There are some landmarks that are so distinctive in appearance that they have become iconic like the Eiffel Tower, Mount Rushmore, Kilimanjaro, The Statue of Liberty, and Uluru. Wait—Uluru?
Though you may not know Uluru by name, you would easily recognize this Australian monolith formerly called Ayers Rock. Uluru is the name given to the rock by the native peoples of the Anangu, while the first European to visit and climb the rock, William Gosse, named the rock after Sir Henry Ayers, then chief secretary of South Australia.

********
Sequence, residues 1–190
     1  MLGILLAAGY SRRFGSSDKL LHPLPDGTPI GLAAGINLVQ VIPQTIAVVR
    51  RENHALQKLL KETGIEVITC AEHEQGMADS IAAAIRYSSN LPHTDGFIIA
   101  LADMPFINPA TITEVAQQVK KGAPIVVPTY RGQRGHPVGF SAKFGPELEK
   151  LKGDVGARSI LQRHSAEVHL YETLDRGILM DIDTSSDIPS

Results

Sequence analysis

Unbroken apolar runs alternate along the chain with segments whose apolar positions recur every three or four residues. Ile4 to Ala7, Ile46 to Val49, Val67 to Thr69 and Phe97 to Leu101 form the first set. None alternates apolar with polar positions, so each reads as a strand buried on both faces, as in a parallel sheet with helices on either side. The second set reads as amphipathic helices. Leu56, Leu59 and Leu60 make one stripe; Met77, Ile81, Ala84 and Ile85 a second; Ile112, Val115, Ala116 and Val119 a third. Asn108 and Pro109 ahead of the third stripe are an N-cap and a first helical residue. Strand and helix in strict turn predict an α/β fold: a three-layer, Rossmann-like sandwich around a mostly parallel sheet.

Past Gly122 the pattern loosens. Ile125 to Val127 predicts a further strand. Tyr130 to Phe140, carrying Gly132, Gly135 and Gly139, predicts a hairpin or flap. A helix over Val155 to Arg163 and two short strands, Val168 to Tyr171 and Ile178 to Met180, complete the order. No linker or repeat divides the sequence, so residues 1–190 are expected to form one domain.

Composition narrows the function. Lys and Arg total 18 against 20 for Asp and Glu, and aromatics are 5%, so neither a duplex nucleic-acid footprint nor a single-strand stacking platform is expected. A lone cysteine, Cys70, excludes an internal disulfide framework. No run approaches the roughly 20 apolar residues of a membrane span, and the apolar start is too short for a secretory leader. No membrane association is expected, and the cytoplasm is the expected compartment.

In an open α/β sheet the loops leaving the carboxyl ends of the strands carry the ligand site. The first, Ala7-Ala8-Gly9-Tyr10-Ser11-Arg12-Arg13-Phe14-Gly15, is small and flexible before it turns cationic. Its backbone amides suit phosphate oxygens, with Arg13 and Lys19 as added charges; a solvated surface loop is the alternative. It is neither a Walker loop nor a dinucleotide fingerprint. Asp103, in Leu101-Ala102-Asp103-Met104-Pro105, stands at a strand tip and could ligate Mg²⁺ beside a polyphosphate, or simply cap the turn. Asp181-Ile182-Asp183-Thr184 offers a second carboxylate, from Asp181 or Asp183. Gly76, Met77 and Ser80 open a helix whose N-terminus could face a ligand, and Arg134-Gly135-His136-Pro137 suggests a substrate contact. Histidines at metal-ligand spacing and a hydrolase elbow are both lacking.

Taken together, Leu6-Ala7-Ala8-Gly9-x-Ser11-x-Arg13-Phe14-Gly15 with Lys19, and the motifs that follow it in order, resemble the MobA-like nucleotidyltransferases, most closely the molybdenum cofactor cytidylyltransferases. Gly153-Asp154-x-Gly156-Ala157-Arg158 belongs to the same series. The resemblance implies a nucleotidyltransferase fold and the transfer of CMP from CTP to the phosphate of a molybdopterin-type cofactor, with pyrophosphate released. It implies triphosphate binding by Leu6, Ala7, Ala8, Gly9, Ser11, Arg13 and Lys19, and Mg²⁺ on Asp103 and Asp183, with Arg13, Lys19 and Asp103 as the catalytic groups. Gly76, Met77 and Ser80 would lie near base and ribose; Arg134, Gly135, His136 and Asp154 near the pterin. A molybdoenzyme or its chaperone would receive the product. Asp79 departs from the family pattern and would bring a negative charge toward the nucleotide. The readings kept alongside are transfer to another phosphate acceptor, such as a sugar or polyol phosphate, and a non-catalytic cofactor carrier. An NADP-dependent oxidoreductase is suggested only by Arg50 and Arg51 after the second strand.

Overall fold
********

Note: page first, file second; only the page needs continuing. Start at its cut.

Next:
Uluru is the largest single piece of stone on our planet, and rises in stark contrast from the desert that surrounds it. Like an iceberg, there is more to Uluru that meets the eye, with much of the mass of the sandstone hidden underground.
Uluru soars to a height of 348 meters above ground, with a circumference of almost 9 and half kilometers. It is located very near to the geographic center of the Australian continent.
Although Uluru is a crowded destination, it is the one worth the trip, especially if you can arrange to be there at sunset. Sunset is when Uluru really shines, as it appears to change color entirely.